It looks like — knock wood — the snow has stopped falling in my neck of the woods, and if I were to take off for Paris, I wouldn’t be leaving people in a lurch, putting them in charge of moving snow.
I’m seriously considering a trip in May, when my schedule looks like it’s opening up a bit, and I’ll be on my own while my better half is away on a business trip.
Just a quick jaunt over — 4 or 5 days, tops. Just enough time to be there, walk around a bit, sit in a café and sip an espresso while reading a newspaper or book. Just enough time to simply be there.
That’s what I missed, going over to Paris on business — the ability to just be there. Everything was so frantic, so rushed. Everything was so damned important. No time to just sit and enjoy yourself — which was probably as much about me traveling with Americans, as it was about the conditions. My American colleagues didn’t seem to enjoy stopping to savor as much as one might. Sure, they’d go out for drinks after work, and they’d walk around and see the sights… but stopping to savor?
It’s tough to relax when you don’t speak the language, everything is foreign and unfamiliar, and you feel like you have to be on your guard. It’s easy to feel that way in Paris. So, the main focus was work — all about business. There are a million little rules you learn about business etiquette, cultural do’s and don’t’s, temperaments and inclinations… what will get you ahead, what will hold you back, what is politically positive and what is inadvisable. You’d think that doing business in France would be fairly straightforward as a Caucasian Westerner, but au contraire. It was anything but that.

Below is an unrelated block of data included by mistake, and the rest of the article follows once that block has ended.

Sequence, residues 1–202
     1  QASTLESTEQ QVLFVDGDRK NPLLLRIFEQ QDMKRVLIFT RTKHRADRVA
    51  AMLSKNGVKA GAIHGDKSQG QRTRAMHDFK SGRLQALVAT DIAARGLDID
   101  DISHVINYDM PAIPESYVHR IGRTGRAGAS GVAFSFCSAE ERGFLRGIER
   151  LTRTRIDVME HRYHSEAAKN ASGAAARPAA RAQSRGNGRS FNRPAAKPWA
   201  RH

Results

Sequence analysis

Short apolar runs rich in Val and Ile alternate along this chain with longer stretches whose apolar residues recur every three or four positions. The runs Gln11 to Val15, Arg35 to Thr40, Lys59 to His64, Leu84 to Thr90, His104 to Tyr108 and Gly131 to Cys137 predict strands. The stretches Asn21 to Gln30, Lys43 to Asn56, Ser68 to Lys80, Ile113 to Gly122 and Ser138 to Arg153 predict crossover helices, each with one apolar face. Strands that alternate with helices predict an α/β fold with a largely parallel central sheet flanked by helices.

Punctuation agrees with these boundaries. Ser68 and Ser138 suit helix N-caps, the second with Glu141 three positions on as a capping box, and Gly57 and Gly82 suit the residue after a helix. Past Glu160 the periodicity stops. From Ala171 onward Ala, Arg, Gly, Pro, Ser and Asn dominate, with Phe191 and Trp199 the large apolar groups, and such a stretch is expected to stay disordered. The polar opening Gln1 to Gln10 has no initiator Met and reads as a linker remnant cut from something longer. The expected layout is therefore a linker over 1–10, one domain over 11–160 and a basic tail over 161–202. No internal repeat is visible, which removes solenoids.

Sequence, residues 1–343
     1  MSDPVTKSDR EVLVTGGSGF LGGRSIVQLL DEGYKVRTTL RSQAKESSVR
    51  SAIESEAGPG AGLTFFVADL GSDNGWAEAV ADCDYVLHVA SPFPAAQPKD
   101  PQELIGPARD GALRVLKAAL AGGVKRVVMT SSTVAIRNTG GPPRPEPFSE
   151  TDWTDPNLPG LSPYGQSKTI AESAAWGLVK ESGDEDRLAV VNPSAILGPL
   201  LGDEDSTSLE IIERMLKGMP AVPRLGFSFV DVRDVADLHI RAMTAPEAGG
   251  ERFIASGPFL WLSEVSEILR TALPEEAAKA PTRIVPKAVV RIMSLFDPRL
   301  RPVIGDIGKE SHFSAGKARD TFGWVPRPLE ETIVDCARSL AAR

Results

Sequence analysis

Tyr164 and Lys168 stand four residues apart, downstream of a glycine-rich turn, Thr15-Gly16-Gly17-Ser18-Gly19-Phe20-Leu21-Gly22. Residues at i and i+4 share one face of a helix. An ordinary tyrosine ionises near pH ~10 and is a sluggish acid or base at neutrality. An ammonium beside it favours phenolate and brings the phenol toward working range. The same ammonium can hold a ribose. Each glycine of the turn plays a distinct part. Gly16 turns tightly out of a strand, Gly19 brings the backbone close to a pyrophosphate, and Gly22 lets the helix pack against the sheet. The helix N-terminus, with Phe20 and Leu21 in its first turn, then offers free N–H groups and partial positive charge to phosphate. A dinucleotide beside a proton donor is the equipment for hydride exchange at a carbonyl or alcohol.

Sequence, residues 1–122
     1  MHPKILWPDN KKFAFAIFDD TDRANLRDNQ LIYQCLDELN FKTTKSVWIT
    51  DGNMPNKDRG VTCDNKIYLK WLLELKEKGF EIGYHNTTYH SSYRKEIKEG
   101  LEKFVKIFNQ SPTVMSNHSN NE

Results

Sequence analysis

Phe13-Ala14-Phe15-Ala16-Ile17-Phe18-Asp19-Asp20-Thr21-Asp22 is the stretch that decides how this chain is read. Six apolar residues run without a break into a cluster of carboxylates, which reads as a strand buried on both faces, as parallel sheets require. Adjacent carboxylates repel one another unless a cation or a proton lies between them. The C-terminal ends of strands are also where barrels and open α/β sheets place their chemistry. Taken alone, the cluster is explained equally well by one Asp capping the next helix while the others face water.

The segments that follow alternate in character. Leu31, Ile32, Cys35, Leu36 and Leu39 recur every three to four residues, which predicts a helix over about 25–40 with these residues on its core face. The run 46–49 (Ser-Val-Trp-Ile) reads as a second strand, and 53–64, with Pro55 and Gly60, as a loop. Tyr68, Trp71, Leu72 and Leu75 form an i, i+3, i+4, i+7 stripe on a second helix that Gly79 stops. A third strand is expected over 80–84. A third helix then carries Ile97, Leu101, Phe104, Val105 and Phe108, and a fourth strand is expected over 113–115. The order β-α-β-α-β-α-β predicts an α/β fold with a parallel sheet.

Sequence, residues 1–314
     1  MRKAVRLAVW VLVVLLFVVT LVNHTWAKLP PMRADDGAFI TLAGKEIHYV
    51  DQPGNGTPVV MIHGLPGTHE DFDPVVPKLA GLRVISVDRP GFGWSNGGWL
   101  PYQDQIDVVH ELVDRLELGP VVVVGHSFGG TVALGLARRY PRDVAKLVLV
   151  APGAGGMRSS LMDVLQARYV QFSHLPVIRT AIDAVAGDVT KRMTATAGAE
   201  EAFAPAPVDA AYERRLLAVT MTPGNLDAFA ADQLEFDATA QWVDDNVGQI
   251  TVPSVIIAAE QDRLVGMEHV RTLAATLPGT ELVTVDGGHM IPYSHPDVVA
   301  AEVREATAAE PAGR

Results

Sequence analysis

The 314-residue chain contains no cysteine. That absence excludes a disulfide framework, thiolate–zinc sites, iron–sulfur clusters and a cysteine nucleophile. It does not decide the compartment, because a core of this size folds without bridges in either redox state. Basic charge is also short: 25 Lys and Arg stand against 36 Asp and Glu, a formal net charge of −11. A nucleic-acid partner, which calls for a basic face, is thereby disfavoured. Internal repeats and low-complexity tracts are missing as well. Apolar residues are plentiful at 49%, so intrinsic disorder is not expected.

It was what it was. And we all had to make the best of it. You learned as you went, and if you stuck around long enough, eventually you became acclimated — and got pretty Zen about it.
Traveling to Paris on business was a whole deal in itself — chock full of surprises and lessons, from the minute you got off the plane, to the moment you got back on to go home. You learned, or you sank. While jet lagged. And whilst trying to make a good impression with our Gallic professional hosts.
Not much time for stopping and savoring the delights of Paris, under those conditions.
But now, on my own steam and on my own time, with my own agenda and schedule, it could work. And I’ll have enough time up front to research moto taxis to take into the city. I may even get in touch with a former colleague who swore by them — and indirectly talked me into taking one, last year.
What a ride that was! And how much I learned. I have a feeling it will stand me in good stead, if I decide to go.